The bank originally intended to operate the fountain year-round, but, unfortunately, problems developed with a leak into a basement office.

Sometime around 1973 the fountain was removed and placed in storage. There is a strong possibility that it may find a new home and a setting that will work to its advantage in a downtown office building now under construction for Kemper’s firm, Commerce Bancshares.

 

www.kcfountains.com

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Arthur Kraft – Walrus Walled In

Newspaper clipping from the Spokane Daily Chronicle – Nov 18, 1960:

Walrus Walled In
Artist Arthur Kraft of Kansas City, Mo., contemplates his Big Problem: How to get Albert, his 400-pound plaster walrus, out of his studio. Kraft says one doesn’t stop to consider the size of doors while in the throes of artistic creativity-and Albert just grew and grew as he sculptured him. But Kraft has figured out an answer-he is having a large glass window and part of an inner partition in his apartment removed so Albert can gain his “freedom.”


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Arthur Kraft Mosaic Owl From The Kansas City Public Library Mural

Posting from the askart.com Discussion board:

David Farmer – 11/07/2009

Kansas City Public Library Mural
I was fortunate enough to know Arthur and, along with a small group of his friends and associates, work for him on the assembly of the mural for the Kansas City Public Library. Under his direction, we hand cut and glued the mosaic tile to sections of stiff cardboard which were later transported to the site and installed in place by local union tile setters. It was a memorable experience working for the man and even these many years later, I can still pick out the various sections that I had a hand in assembling.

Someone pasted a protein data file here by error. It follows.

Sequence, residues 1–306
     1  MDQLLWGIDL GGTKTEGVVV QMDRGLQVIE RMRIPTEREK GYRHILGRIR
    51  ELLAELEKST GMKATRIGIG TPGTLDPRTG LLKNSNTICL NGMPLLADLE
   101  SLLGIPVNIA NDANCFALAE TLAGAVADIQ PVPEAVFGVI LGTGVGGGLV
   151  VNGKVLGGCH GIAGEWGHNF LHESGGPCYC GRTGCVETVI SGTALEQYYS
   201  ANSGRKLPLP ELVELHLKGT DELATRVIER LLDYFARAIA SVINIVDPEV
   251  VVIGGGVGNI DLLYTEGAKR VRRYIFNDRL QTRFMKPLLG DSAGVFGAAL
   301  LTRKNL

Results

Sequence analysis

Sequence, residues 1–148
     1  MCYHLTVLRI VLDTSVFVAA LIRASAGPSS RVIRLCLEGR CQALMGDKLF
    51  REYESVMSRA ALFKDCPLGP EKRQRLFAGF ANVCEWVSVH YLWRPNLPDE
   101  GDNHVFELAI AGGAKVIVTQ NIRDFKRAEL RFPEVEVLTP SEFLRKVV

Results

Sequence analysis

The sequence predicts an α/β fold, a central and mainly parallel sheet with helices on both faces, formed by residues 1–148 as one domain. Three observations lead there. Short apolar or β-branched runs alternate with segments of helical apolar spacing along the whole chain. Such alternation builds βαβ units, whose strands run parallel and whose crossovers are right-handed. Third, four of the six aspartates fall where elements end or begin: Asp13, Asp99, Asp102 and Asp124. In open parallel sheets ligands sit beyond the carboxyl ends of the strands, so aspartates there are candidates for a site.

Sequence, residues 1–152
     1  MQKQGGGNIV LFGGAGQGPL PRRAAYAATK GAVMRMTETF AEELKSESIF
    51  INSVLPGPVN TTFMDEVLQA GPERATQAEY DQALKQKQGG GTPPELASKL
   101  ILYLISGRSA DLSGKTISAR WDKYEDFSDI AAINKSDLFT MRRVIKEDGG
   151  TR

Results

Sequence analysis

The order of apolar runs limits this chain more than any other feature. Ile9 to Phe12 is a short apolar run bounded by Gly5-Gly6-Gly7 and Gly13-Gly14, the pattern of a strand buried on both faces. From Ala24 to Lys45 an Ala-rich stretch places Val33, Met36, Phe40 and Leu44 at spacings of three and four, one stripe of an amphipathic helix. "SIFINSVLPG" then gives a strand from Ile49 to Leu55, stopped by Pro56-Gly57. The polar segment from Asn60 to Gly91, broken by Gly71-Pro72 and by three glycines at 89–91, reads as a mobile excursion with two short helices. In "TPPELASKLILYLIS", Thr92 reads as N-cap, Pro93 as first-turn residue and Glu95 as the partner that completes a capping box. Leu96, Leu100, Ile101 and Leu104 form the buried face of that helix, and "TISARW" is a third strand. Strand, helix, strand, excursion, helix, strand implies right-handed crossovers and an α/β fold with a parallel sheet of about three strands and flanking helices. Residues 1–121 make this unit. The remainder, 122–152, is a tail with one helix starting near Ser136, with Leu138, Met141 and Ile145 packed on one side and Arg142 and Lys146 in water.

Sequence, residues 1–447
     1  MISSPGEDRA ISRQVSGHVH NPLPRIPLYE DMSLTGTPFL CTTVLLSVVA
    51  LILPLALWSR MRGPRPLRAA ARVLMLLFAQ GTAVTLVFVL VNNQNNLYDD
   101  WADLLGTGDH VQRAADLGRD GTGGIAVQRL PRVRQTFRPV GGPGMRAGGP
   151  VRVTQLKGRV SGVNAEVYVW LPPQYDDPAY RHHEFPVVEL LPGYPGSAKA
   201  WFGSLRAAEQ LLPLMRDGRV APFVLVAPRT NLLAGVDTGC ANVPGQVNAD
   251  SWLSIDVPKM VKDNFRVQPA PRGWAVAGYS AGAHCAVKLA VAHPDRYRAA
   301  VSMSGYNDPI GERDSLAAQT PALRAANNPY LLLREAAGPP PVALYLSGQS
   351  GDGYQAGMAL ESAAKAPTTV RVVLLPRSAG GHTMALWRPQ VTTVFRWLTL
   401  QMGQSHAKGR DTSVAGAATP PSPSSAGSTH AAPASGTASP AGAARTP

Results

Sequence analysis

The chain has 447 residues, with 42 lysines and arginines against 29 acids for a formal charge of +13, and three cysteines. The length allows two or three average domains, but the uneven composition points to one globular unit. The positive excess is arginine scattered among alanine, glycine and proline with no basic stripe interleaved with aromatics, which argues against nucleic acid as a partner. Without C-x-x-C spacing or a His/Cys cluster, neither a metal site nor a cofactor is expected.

Since I have an affection for owls, he gave me a colored pencil and watercolor sketch of the owl that nests in one of the trees in the mural. I will always hold fond memories of Arthur and my experiences working under his direction.

Mosaic owl from the Kansas City Public Library mural


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Arthur Kraft 1960 Indianapolis Glendale Shopping Center Penguins Sculpture

Commissioned by Victor Gruen, architect of the Glendale Shopping Center in Indianapolis, Indiana. The Arthur Kraft sculpture was installed in 1960 and dedicated on October 12, 1960.

The sculpture portrays three golden, stylized penguins with their flippers spread standing around a silver ball, facing inwards. The three unsigned polished bronze penguins dimensions are overall approximately 51 x 72 x 58 in. with the tallest penguin being approximately 51 x 30 x 33 in. (350 lbs.).

The shopping center was enclosed in the 1970s to become the Glendale Mall, situating the Arthur Kraft sculpture indoors at that time.

Penguins at the Glendale Mall, 2005

In 2008, after nearly 50 years of serving the Indianapolis community, Glendale Mall was completely redesigned. To commemorate the new Glendale Town Center’s expansive makeover and grand reopening, Indianapolis design company, Sandpaper Studio was commissioned to create a new environment for the penguin area.